38. Mancala Gebeta (Mancala) holes from the Late Antiquity or early Medieval period in Aksum, Ethiopia.

  39. Mancalahttp://www.memory-improvement-tips.com/play-mancala-online.htmlMancalahttp://www.memory-improvement-tips.com/play-mancala-online.html

  40. Shatranj • Is an old form of Chess popular in Persia for almost a 1000 years. • The word shatranj is derived from the Sanskrit chaturanga (chatuH=four, anga= arm). • The game came to Persia from India, in the early centuries of the Christian Era.

  41. Shatranj

  42. Tafl • Family of ancient Germanic and Celtic board games played on a checkered or latticed board with two teams of uneven strength. • The size of the board and the number of pieces varied, but all games involved a distinctive 2:1 ratio of pieces, with the lesser side having a king-piece which started in the center. • The King’s objective was to escape while the opponent’s job was to capture him. • Tafl spread everywhere the Vikings traveled

  43. Tafl

  44. Liubo • Liubo is a ancient Chinese board-game whose rules are forgotten. • The name comes from the Chinese word for sticks.

  45. Liubo

  46. Chaturanga • Chaturanga is an ancient Indian game which is presumed to be the common ancestor of chess. • Chaturanga has been played since the 6th century or earlier, hence Chaturanga is most commonly believed to be the oldest version of chess. • In Sanskrit, "Chatur-anga-bala" literally means "an army comprising 4 parts” (elephants, chariots, cavalry, and infantry).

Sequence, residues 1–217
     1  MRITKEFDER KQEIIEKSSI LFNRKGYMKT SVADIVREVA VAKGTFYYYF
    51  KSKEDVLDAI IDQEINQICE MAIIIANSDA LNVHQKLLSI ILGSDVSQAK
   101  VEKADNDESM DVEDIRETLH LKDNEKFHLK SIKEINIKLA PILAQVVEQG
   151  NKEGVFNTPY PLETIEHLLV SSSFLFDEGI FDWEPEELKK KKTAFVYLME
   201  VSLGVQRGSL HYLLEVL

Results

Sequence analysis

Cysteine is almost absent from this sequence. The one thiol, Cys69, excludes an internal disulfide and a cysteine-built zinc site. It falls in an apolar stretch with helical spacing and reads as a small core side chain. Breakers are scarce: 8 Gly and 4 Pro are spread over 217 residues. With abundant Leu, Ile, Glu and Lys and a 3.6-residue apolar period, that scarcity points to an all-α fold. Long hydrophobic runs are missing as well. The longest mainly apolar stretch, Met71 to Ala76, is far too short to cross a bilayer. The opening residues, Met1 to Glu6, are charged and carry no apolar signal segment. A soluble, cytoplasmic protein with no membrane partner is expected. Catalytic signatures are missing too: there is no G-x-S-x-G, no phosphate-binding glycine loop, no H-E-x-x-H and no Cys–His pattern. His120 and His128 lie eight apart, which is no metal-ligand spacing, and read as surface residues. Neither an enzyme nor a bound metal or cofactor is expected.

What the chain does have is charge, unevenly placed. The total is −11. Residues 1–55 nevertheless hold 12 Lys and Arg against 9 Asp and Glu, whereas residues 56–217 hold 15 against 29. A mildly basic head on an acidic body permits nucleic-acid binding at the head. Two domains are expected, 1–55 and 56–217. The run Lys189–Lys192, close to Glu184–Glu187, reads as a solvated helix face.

47. Go • A strategic game for 2 players. • Go originated in China at least 2,000 years ago. • Go is played by two players alternately placing black and white stones on the vacant intersections of a 19 × 19 grid board. • The object of the game is to control a larger part of the board than the opponent. • Players strive to place their stones in such a way that they cannot be captured, while mapping out territories the opponent cannot invade without being captured.

  48. Go

  49. Seega • The ancient game of Seega has been played for centuries throughout Egypt and other parts of the Middle East. • Seega is a simple game in terms of materials and rules, but it involves plenty of strategy and thinking once you are playing. • In Egypt, 5x5 game boards were common, while 7 x 7 or 9 x 9 board do exist. • The larger boards are more complex, and created a greater challenge for the players.

  50. Seega’s Gameplay • Similar to checkers, you are try to capture your opponent's pieces. The game ends when a player (the looser) has only one piece left. • To start, the first player lays down two of his or her pieces in the squares marked "X." The other player lays down two pieces in the squares marked "O."